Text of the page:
Resistin has been correlated with the number of diseased coronary vessels85 in patients with stable CAD, was an independent risk factor for Major Adverse Cardiovascular Events, including cardiovascular death and myocardial infarction, and, in one study, correlated with rates of restenosis after stenting.86–88 Inducible ischemia and decreased exercise tolerance were correlated with elevated resistin in a recent study of patients with known CAD undergoing stress testing.89 Elevated resistin may also predict worse outcomes after stroke,90 and appears to correlate with both renal function and CAD risk in those with known end-stage renal disease.71
The relation of serum resistin levels to acute coronary events has also been addressed. Intriguingly, an unbiased gene expression analysis of patients undergoing cardiopulmonary bypass, a possible model of controlled ischemia-reperfusion, demonstrated upregulation of resistin expression in blood at 2 and 24 hours.91 Others have shown increased levels of resistin in patients with acute coronary syndromes.85, 92, 93 Resistin has been shown to be increased in the epicardial adipose of those having an MI,94 and to remain elevated up to one week after MI.93 As might be expected, resistin often correlated with markers of inflammation including CRP.92
Thus, animal and human studies have suggested a role for resistin in driving atherosclerosis and human coronary disease. While the role of resistin as an independent prognostic biomarker remains unclear, the impact of resistin on CAD and other heart disease is gaining attention.
Independent of ischemia, resistin has been shown to impact cardiomyocyte function in vitro. Resistin induces insulin resistance and alters glucose handling,10 leads to hypertrophy and decreased myocyte contractility,95 and is itself expressed in response to mechanical stretch.96 Much has been reported on the impact of insulin resistance and diabetes on both ischemic and non-ischemic cardiomyopathy and has been reviewed recently.97 The hypothesis that insulin resistance leading to altered glucose handling, thus leaving the heart vulnerable to stress when it shifts to glucose as its primary energy source, could connect resistin to the development of heart failure.
Indeed, two Asian studies first suggested that elevated resistin predicted a higher event rate and worse mortality in patients with active heart failure.98, 99 More recently, two reports from large cohorts published in the same year assessed the connection between resistin and incident heart failure. The HealthABC Study included 2902 mainly white elderly subjects followed for nine years and found an increased risk for heart failure hospitalization with elevated baseline resistin (HR 1.15 per 10ng/mL resistin), after adjustment for known risk factors including CRP and adiposity.100 A similar study analyzing data from 2739 Framingham Offspring Study subjects followed for six years, found a hazard ratio of 1.26 per 7.45ng/mL of resistin, also after adjusting for known risks.101 Both studies found that the risk was independent of coronary disease, inflammation and insulin resistance. In addition, the Heart and Soul Study of American veterans with known CAD showed a significantly higher risk of heart failure and all-cause mortality in those in the highest quartile of resistin level after adjustment for age, sex and BMI.102 In this study the apparent effect of resistin was not independent of traditional heart failure risk factors, although these factors may themselves be dependent on resistin. This is underscored by a recent study in Finland, where resistin gene variation is associated with obesity and insulin resistin,103 demonstrating that a high resistin level was an independent predictor of the prevalence of metabolic syndrome with a statistical association with every criterion including waist circumference, tumor necrosis factor-α, and insulin resistance, and reduction in high-density lipoprotein cholesterol.104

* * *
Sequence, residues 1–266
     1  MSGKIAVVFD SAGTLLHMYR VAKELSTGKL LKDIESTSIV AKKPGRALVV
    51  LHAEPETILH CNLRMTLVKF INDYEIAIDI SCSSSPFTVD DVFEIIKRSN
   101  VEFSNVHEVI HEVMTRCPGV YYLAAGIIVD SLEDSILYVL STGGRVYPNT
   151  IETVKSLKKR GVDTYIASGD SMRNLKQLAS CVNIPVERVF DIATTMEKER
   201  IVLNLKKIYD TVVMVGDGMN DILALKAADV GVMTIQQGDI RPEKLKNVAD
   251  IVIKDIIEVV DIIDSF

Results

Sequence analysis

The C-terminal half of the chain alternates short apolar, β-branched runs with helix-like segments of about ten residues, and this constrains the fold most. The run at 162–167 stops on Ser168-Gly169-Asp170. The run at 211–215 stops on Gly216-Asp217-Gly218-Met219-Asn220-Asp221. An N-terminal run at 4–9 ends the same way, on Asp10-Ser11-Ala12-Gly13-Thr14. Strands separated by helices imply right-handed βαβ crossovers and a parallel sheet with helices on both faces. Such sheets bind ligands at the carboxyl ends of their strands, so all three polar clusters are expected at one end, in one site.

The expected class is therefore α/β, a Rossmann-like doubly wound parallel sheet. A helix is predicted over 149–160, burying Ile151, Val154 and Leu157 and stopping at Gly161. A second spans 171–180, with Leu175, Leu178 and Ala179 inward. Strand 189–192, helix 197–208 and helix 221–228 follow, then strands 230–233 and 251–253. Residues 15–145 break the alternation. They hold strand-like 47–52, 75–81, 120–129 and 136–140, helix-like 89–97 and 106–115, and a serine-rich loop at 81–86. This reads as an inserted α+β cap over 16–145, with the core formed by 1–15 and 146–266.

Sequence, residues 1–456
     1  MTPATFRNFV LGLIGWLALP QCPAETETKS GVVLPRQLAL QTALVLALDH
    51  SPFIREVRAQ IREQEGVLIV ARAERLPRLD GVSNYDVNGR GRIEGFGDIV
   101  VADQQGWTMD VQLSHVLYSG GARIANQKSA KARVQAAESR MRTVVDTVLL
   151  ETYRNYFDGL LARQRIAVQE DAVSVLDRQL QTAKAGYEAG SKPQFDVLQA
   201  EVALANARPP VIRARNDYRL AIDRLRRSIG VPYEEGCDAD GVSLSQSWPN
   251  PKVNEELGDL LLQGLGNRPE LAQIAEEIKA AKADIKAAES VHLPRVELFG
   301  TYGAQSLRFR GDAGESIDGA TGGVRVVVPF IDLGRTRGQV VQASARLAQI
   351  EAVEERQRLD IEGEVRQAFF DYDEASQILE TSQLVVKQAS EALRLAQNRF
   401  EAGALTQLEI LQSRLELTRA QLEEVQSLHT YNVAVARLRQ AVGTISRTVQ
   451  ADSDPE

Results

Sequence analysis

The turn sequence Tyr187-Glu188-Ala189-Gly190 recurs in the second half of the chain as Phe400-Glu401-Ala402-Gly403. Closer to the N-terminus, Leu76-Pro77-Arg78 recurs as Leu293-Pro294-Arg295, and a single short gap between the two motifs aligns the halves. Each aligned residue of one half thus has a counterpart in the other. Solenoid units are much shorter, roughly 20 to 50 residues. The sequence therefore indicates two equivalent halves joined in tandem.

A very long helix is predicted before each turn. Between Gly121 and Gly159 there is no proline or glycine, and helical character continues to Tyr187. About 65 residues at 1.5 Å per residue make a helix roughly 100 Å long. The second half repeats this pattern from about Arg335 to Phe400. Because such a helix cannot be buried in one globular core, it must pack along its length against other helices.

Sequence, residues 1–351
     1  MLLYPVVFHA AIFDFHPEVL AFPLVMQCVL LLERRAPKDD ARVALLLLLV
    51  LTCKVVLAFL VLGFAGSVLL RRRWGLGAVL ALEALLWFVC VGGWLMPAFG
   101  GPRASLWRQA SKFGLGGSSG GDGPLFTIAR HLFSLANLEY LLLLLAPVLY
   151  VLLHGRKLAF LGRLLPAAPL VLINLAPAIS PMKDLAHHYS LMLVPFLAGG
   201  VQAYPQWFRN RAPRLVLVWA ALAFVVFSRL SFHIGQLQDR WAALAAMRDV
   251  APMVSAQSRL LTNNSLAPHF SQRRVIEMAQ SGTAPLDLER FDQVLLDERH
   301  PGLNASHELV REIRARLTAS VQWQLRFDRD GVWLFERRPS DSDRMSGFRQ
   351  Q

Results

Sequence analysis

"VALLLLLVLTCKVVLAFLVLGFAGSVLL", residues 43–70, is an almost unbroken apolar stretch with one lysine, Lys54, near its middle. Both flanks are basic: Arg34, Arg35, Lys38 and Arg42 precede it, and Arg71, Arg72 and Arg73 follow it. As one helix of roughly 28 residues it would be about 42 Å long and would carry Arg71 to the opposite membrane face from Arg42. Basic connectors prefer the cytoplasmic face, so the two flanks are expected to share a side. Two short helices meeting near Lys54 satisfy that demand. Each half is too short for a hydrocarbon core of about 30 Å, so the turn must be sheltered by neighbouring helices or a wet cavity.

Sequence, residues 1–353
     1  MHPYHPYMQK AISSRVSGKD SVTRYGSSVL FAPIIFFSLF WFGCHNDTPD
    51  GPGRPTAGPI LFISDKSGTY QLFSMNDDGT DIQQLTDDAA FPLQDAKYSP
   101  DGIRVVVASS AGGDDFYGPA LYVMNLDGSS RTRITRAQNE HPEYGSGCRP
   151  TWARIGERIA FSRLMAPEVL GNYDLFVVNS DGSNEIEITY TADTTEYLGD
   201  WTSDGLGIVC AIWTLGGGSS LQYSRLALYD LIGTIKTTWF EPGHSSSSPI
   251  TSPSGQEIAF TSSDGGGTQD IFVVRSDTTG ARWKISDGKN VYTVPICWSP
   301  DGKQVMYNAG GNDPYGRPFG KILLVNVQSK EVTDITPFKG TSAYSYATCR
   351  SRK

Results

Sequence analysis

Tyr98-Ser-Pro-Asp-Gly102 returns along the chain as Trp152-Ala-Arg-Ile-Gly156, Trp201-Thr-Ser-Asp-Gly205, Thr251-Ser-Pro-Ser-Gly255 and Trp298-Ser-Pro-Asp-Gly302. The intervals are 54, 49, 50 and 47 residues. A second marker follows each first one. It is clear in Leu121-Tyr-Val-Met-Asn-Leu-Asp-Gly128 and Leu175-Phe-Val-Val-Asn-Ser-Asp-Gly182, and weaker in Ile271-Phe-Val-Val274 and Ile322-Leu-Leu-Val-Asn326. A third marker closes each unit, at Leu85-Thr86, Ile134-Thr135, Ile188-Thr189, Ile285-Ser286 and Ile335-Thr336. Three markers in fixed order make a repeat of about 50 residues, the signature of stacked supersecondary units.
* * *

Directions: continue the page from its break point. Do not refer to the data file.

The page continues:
The growing public health concerns surrounding diabetes, obesity and their consequences have focused attention on efforts at treatment and prevention. However, an understanding of the mechanisms underlying these epidemics is essential. Basic and clinical research have described the inflammatory nature of many metabolic derangements from diabetes to cardiovascular disease. The hormone resistin, initially described as a rodent adipokine and now understood to be predominantly macrophage-derived in humans, is a potential link between inflammation and metabolic disease. (Fig. 1) Genetic studies have helped explain ethnic variability in resistin expression and activity and have elucidated the complexity of genetic regulation of metabolic disease. Clinical, genetic, and epidemiological studies have strengthened the association between resistin and the prevalence, severity, and outcome of metabolic disease. Although in rodent models resistin is clearly a pathogenic factor in the severity of insulin resistance and abnormal glucose metabolism, the human studies are by nature descriptive and thus do not address the critical question of whether resistin is more than a biomarker for insulin resistance, diabetes, and cardiovascular disease. It will be of great interest to determine whether blockage of resistin function, either by antibody neutralization or by antagonism of the elusive resistin receptor, has sufficient therapeutic utility in pre-clinical models such as the humanized mouse38 to warrant investigation as a viable therapeutic target in humans with diabetes or cardiovascular disease.
Research on resistin in the Lazar lab is funded by P01 DK 49210. Dr. Schwartz is funded by 5-T32 HLO007843-14. The authors apologize for not being able to cite all worthy papers due to space limitations.